The life of the small Jewish community in Estonia was disrupted in 1940 with the Soviet occupation of Estonia. Cultural autonomy together with all its institutions was liquidated in July 1940. In July and August of the same year all organisations, associations, societies and corporations were closed. Jewish businesses were nationalized. A relatively large number of Jews (350–450, about 10% of the total Jewish population) were deported into prison camps in Russia by the Soviet authorities on 14 June 1941.[10][11] In WWII, more than 75% of Estonia's Jewish community, aware of the fate that otherwise awaited them, managed to escape to the Soviet Union; virtually all the remainder (between 950 and 1000 men, women and children) had been killed by the end of 1941. The four Estonians held most responsible for the murders at Kalevi-Liiva were accused at war crimes trials in 1961. Two were later executed; the others avoided sentencing by having gone to exile. From 1944 until 1988 the Estonian Jewish community had no organisations, associations, or clubs. In March 1988, as the process towards regaining Estonia's independence was beginning, the Jewish Cultural Society was established in Tallinn. It was the first of its kind in the late Soviet Union. Unlike in other parts of the Soviet Union, there were no problems with registering either the society or its symbols. The Society began by organising concerts and lectures. Soon the question of founding a Jewish school arose. As a start, a Sunday school was established in 1989. The Tallinn Jewish Gymnasium on Karu Street was being used by a vocational school. In 1990, a Jewish School with grades 1 through 9 was established.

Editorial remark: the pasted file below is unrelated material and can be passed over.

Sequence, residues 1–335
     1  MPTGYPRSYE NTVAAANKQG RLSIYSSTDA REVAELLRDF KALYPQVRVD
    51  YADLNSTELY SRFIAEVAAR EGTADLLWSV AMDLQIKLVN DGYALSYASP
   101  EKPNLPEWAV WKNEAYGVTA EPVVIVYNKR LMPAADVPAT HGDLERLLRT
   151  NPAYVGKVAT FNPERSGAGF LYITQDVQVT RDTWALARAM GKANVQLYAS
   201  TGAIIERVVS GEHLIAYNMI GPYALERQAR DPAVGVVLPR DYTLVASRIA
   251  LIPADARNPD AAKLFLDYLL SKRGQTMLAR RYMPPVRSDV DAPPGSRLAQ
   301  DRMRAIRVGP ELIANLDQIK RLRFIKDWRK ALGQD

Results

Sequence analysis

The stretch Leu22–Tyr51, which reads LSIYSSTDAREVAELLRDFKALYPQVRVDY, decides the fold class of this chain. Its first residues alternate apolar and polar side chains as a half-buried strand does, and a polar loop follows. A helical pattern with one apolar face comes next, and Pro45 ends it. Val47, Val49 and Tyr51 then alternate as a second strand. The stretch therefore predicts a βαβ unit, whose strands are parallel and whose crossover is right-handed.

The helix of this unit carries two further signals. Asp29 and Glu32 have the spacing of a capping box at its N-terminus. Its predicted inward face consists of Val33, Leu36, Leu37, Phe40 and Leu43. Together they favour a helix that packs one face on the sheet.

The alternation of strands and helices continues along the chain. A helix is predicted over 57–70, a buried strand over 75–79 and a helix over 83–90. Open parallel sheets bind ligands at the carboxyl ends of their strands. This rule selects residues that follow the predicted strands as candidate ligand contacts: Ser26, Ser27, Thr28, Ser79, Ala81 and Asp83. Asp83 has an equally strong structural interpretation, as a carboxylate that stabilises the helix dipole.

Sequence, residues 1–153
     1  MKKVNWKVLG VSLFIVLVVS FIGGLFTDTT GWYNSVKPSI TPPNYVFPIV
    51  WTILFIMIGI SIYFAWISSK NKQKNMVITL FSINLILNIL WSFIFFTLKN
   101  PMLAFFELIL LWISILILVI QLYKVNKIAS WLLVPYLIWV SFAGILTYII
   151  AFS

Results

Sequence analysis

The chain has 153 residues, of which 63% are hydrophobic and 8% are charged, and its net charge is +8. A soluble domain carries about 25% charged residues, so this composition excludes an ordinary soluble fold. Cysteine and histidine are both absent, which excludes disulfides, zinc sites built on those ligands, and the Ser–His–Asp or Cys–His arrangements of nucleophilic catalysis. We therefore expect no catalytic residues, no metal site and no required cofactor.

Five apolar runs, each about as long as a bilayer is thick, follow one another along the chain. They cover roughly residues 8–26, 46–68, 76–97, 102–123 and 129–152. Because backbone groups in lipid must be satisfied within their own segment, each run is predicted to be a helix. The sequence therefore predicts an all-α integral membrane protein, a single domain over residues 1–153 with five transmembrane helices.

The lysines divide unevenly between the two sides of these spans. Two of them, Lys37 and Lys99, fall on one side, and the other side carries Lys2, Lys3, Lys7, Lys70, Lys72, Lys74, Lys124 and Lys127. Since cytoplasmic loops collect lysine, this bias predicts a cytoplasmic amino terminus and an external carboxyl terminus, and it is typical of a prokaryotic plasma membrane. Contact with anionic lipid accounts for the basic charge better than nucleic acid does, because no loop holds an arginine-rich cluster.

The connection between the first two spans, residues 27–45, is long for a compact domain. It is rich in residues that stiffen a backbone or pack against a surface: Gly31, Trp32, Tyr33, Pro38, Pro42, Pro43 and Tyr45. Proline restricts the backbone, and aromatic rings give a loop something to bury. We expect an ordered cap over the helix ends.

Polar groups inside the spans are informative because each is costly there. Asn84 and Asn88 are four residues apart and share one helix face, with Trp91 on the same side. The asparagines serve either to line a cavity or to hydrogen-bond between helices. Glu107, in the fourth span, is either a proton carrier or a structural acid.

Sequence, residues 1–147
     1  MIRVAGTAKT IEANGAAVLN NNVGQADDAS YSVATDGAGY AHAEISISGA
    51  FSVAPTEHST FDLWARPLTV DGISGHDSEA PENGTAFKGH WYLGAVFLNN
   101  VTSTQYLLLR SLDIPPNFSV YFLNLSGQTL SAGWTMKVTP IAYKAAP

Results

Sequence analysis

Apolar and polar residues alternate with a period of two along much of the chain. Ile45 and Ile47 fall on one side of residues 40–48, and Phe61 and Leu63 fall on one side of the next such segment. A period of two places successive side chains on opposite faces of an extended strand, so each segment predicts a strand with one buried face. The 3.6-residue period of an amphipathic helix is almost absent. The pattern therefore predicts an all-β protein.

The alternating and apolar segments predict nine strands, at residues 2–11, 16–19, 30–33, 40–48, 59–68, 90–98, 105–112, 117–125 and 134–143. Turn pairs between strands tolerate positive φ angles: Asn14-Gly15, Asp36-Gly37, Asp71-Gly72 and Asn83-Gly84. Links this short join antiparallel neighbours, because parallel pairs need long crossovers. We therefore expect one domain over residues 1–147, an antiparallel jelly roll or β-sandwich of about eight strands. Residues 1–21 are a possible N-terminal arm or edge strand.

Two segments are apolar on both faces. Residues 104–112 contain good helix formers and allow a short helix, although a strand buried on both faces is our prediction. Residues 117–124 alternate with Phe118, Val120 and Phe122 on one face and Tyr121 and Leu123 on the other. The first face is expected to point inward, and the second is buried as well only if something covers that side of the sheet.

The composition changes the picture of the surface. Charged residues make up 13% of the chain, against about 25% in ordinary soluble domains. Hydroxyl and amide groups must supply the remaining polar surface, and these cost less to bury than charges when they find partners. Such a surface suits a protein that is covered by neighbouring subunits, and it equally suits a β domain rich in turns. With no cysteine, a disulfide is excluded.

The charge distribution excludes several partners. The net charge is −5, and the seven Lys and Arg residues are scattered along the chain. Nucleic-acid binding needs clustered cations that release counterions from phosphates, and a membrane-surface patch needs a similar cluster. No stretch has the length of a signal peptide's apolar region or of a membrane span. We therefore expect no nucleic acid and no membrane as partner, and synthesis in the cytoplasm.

Shechita, Shalom Koboshvili, 1940

The Georgian Jews (Georgian: ქართველი ებრაელები, romanized: kartveli ebraelebi) are from Georgia, in the Caucasus. Georgian Jews are one of the oldest communities in Georgia, tracing their migration into the country during the Babylonian captivity in 6th century BC.[12] In 1801, the Russian Empire annexed Eastern Georgia. In the beginning of the 19th century, Ashkenazi Russian Jews were forced to move to Georgia by the Russian government. The Ashkenazi Jews and the Georgian Jews began establishing contact with each other, but relations were strained. Georgian Jews viewed the Ashkenazim as godless and secular, while the Ashkenazim looked down on the Georgian Jews. Zionism was a uniting cause for the two groups. Beginning in 1863, groups of Jews began making aliyah, mostly for religious reasons. The Red Army invaded Georgia in February 1921, prompting a mass exodus from the region.

Initially, the Soviets allowed the Jews to maintain their religious customs, but after a Georgian rebellion in 1924, the Bolshevik government terminated all Zionist activity, imposed economic restrictions, and generally discriminated against the Jewish community.[citation needed] As a result, many Jewish businesses were bankrupted and 200 families applied for exit visas. Only 18 were allowed to emigrate. In the mid-1920s, the Soviets focused on industrializing and secularizing the Jews of Georgia. Mass numbers of Jews were forced to work in factories or to join craft cooperatives and collective farm projects. In 1927–1928, OZET, the organization for settling Jewish workers on farms, established a number of Jewish collective farms. These small homogeneous communities became isolated Jewish communities where Jewish learning was continued. Recognizing this, the Communists disbanded the communities in the 1930s, scattering the Jews among various farms and destroying Jewish communal life. The situation of the Jewish community of Georgia improved dramatically due to the end of the Soviet occupation.